8 steps to implementing rolling forecasts

By Danielle Dahlstrom

August 8, 2018

A rolling forecast is a differentiating planning concept that can help organizations find opportunities amid intense competition. In finance, rolling forecasts are an approach to planning that evaluates key business drivers on a continual basis throughout the year. For many organizations, it can provide an advantageous approach to budgeting—with some businesses using a rolling forecast to replace their traditional annual budget entirely.

How rolling forecasts differ from traditional forecasting

Rolling forecasts differ from traditional planning approaches in that traditional methods merely provide periodic updates against the annual budget, adjusting for YTD actuals, and are associated with a specific fiscal year. In the practice of rolling forecasts, there’s no set fiscal year, but a continuous “roll” as periods of history are dropped and new periods are added at each forecast cycle. Rolling forecasts require that businesses revisit their strategy throughout the year to continually align resources and activities, which can help them become more nimble and responsive as they focus on steering business performance to align to changing business conditions. Additionally, a rolling forecast can provide organizations with improved flexibility, agility, and effectiveness in budgeting and planning as the rolling forecast is future-focused.

Best practices for implementing a rolling forecast

There’s no one-size-fits-all application for implementing rolling forecasts. Every organization needs to develop a rolling forecast in conjunction with its own unique set of business drivers, timelines, and dynamics. Even so, the following eight steps can provide businesses with a sensible approach that can be used to create and implement a rolling forecast for in any organization.
  • Identify the strategic goal and begin with that goal in mind.
    • Engage stakeholders’ willingness to embrace the new process and drive toward the organizational goals.
  • Determine the stakeholders who need to contribute.
    • Not everyone needs to be a part of the process. Stakeholders who can contribute relevant, unbiased, and insightful intelligence should be included.
  • Consider the time horizon and time increments needed to achieve the stated goals.
    • Consider what time frame will best fit your organization. For example, a rolling forecast could accommodate 12 months, 18 months, six quarters, or be a combination of months and quarters where the next two quarters are displayed at a monthly level and the following four quarters are at the quarterly level.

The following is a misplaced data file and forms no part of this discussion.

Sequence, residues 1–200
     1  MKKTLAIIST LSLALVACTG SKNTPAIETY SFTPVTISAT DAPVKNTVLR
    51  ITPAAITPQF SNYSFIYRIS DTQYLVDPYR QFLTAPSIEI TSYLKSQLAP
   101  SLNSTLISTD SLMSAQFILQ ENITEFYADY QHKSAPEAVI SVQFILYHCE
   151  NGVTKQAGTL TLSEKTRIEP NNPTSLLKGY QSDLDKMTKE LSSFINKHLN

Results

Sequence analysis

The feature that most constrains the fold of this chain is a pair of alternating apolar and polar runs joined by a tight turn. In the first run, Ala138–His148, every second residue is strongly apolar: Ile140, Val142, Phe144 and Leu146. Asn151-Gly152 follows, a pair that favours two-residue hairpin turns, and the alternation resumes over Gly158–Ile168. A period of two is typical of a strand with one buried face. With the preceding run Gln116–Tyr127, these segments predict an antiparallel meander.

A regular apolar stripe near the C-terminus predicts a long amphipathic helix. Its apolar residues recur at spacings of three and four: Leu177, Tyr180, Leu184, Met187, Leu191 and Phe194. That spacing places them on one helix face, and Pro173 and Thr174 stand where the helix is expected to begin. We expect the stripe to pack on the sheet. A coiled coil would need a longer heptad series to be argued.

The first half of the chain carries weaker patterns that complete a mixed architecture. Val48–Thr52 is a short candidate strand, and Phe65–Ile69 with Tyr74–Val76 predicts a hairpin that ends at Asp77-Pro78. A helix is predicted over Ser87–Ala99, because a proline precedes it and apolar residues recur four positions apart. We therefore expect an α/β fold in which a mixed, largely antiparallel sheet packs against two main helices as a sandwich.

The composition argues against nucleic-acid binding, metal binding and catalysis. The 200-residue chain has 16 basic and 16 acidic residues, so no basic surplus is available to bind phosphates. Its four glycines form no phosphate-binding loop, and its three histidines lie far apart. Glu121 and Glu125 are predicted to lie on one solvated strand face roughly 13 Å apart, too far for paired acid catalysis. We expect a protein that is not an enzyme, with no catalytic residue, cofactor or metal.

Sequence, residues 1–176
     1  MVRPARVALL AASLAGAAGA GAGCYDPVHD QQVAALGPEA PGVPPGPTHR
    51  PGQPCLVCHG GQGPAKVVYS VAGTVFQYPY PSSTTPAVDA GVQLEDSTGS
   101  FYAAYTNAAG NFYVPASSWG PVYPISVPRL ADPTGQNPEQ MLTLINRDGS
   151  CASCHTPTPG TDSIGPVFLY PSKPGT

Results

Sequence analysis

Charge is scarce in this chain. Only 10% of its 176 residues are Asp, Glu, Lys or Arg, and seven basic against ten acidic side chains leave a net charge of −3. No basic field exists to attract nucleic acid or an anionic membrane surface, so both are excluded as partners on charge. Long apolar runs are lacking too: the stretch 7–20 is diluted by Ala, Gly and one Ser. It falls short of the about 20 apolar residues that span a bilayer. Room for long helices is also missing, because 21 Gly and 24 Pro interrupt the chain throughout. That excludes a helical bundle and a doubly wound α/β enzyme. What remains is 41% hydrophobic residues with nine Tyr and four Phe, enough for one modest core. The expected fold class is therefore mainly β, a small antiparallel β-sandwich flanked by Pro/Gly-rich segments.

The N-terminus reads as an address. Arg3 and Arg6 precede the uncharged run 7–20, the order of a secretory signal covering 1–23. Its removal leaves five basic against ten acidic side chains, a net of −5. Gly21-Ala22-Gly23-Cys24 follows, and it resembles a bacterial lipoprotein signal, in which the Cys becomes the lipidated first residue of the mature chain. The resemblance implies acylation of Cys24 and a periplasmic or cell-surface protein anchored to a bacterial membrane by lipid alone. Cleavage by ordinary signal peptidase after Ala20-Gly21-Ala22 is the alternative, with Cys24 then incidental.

• Identify quantitative and non-quantitative elements.
    • Determine the high-value drivers that impact and grow the business. These drivers should be key to consistent decision-making and serve as critical levers driving your what-if analysis and long-range plans.
  • Vet the key sources of data and appropriate granularity.
    • Ensure that data sources are correct, high quality, and in accordance with the modeling in place. The earlier periods in the process may require more detail and scrutiny than the future quarters.
  • Deploy the appropriate technologies and processes.
    • To support high-value initiatives, a robust technology, such as Anaplan, must be in place. The process requires a platform that’s flexible and can easily and quickly adapt to changing conditions inside the four walls of the business, as well as external market and competitive conditions.
  • Establish scenario analysis and business sensitivity modeling.
    • Use cloud-based financial planning technology that can support multiple what-if scenarios and can be created “on-the-fly” as business needs arise.
  • Track performance to the rolling forecast.
    • The rolling forecast opens the opportunity for organizations to have increased visibility into performance, and the flexibility to make adjustments to keep the strategic goals on track.
The practice of planning with a rolling forecast can be a powerful differentiator for a wide variety of businesses. In this recent webinar, Chris Stevenson, Senior Product Marketing Manager, discussed the merits of rolling forecasts and how to make a strong case for implementation within—and beyond—your finance team. For more information on the methodology, anatomy, and benefits of rolling forecasts, and how today’s cloud-based technology supports its approach, download the paper featured below.
The bottom line: Rolling forecasts Read the paper

Danielle Dahlstrom

Danielle has worked in the finance and planning technology industry for more than 18 years. She has held roles in professional services delivering planning implementations across North America; in app development leading a team of technologists in building best-of-breed solutions across functions and industry; in marketing driving go-to-market messaging and solution positioning for planning; and in sales working with some of the largest organizations in the world and supporting them in their strategic vision setting and planning journeys. Danielle joined Anaplan in February 2018 and continues her passion for working with customers in finance as they look to drive differentiation for their organizations leveraging the Anaplan platform.

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